Sometimes, when you hear a film is utter crap, you tend to do one of two things: you avoid it altogether or you see it out of morbid curiosity. When the opportunity to review walking drugstore Lindsay Lohan’s universally reviled suspense thriller, I Know Who Killed Me arose, I first declined, but soon changed my mind and decided to take on the task. I wanted to see if it truly was as bad as everyone said it was. A few days and 106 minutes later, I found that much to my surprise, it wasn’t.
It was actually worse.
I Know Who Killed Me is the tale of small town rich girl Aubrey Fleming (Lohan). Aubrey is a solid student, fledgling writer and a promising but unsure piano player who is abducted and tortured by a sadistic serial killer Aubrey. While the FBI, the local cops and Aubrey’s parents (a seriously slumming Neal McDonough and Julia Ormond) look for the abducted young woman, Herr Serial Killer proceeds to torture Aubrey by removing sections of her skin, some fingers, her right forearm as well as one of her legs from the knee down.
But that doesn’t stop Aubrey from escaping her captor. She is found on the side of the road and awakes a few days later on in the hospital. Only now, Aubrey thinks she is a low-class, foul-mouthed slut of a stripper (whoo hoo!), one that always keeps her clothes on while performing (D’oh!), named Dakota Moss. Moss moves back into Aubrey’s parent’s house, proceeds to screw Aubrey’s boyfriend while Mom is downstairs and swear up a blue streak around everyone, all while trying to find out who tortured her and killed “Aubrey.”
Plain and simple, nothing in this film works, and there is plenty of blame to go around, starting with Jeffrey Hammond’s collection of chicken scratch that passes for a screenplay. Hammond’s first ” and pray, last – script is filled with paper-thin characters that sprout dialogue that is the working definition of laughable, an overabundance of red herrings (any male character with more than two lines of dialogue is possibly the killer) and plot holes big enough to drive a couple of 18-wheeler trucks through”at the same time (exactly how does someone with an amputated arm and leg, and despite being strapped down onto a table, manage to escape from a basement?).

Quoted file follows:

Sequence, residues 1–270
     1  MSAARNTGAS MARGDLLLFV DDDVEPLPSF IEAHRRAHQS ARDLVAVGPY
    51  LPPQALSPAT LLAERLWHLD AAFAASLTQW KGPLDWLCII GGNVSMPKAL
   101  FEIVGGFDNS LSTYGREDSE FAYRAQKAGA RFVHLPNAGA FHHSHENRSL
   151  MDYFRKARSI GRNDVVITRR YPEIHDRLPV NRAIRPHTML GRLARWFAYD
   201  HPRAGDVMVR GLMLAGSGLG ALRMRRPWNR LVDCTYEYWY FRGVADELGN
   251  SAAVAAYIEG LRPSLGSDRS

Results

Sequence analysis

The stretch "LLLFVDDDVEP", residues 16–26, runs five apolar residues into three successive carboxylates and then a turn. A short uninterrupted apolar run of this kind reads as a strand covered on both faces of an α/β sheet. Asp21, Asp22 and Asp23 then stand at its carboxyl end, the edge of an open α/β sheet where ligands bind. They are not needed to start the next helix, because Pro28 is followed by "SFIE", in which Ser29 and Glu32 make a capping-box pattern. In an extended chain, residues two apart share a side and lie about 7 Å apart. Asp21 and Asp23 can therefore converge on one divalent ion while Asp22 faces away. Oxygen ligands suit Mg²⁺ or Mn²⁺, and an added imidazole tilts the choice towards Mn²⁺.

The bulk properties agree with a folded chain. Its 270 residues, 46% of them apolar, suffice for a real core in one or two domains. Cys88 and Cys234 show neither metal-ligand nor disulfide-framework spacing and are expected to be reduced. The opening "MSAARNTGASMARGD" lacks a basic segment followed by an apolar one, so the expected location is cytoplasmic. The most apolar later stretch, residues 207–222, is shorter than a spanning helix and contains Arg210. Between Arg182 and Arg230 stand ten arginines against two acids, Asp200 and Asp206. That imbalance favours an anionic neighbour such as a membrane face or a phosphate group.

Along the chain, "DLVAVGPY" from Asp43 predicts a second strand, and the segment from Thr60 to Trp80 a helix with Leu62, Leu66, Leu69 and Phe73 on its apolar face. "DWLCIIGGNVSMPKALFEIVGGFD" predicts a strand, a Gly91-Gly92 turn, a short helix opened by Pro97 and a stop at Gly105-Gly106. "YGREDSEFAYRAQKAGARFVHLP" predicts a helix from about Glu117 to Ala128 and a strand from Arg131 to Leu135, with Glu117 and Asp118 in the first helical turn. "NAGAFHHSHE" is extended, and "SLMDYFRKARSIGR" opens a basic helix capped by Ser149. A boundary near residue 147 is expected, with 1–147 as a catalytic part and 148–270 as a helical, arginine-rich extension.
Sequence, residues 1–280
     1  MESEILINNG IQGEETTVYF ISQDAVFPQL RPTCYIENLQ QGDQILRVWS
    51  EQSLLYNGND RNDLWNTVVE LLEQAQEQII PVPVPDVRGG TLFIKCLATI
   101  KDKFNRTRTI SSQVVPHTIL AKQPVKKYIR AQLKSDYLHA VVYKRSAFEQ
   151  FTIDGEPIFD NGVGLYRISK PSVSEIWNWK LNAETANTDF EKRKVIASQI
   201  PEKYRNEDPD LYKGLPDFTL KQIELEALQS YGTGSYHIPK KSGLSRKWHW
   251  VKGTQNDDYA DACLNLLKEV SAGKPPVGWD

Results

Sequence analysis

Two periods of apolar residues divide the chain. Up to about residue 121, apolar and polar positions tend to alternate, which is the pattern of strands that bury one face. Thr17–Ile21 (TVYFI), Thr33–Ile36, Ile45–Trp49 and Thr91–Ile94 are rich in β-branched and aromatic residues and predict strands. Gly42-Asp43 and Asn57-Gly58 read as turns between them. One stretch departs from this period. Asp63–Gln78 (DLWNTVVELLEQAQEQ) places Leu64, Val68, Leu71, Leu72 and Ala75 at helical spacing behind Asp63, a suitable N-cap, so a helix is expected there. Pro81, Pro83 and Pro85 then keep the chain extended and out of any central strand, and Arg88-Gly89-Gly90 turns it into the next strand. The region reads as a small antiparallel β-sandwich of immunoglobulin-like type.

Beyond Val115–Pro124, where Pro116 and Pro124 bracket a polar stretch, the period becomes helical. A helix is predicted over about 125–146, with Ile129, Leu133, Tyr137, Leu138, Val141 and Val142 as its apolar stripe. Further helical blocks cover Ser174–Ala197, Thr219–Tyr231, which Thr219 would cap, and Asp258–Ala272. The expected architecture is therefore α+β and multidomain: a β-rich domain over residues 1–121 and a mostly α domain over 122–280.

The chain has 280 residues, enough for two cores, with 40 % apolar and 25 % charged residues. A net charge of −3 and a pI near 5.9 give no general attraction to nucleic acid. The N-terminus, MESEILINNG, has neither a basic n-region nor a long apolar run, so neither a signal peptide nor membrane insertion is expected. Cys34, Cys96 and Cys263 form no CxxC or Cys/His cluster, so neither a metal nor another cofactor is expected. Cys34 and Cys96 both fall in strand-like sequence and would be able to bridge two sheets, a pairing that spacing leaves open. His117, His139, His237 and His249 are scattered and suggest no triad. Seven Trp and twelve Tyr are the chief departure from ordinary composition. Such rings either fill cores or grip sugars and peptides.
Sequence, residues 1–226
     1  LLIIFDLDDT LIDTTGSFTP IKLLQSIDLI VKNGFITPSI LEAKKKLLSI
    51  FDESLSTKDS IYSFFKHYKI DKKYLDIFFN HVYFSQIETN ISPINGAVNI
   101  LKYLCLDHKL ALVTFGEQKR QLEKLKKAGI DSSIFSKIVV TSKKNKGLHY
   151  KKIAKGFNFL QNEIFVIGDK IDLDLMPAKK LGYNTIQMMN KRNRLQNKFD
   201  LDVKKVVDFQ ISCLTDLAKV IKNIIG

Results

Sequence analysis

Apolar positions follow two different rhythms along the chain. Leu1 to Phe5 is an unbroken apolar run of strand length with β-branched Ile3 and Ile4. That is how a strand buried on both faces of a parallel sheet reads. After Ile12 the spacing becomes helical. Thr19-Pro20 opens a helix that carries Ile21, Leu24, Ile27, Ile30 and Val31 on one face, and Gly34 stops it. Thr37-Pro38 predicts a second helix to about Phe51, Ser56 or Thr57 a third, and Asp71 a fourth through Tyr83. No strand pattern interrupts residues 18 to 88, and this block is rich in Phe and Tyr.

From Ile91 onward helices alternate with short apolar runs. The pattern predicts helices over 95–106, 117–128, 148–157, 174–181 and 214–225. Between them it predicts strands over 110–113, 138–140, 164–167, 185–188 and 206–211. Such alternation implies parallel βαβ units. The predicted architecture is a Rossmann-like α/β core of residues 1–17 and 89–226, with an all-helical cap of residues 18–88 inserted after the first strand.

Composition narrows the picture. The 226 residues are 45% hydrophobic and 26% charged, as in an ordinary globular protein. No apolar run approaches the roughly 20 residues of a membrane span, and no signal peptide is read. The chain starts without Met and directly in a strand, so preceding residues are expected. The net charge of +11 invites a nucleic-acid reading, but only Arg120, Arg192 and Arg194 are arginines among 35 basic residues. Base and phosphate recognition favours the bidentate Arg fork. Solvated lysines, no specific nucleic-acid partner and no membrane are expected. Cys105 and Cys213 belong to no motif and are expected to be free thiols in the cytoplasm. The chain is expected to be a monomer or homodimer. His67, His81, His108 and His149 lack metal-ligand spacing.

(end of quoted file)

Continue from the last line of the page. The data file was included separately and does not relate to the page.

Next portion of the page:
Chris Siverston’s pompous direction does nothing to hide Hammond’s screenplay deficiencies. In fact, it makes them all the more apparent. I know that when stuck with a terrible screenplay, chances are unless you’re named Spielberg or Scorsese, there is nothing you can do to make it work. Even so, the former independent filmmaker’s ham-fisted handling of the material attempts to deliver an atmosphere of mystery, suspense and eroticism, but fails miserably. Even worse is Siverston’s overbearing, symbolic use of the colors blue and red, which is so continuous and obvious that I swear I saw another color after the film was over: purple, which was the color of my skull after being beaten with 106 long minutes of Symbolism for Simpletons.
Then there is the film’s young star. As we all know, the TMZ.com poster child has had a rather rough time transitioning from teenager to young adult (yeah, right) and was reportedly whacked out of her mind on illegal substances when she worked on this film. I would venture to think that she was also stoned beyond measure at the time she read the screenplay. If she was indeed coked up during filming, it shows in every scene she is in. Her glassy-eyed line readings are flat; and her strip club dancing scenes are as hysterically funny as her attempts at being a foul-mouthed bad girl. After seeing her comatose dual performance in this film, I would tend to think that all the hype about the young starlet in the past decade or so was the result of marketing by the Disney studios, the paparazzi and a well-endowed chest than it was actual talent.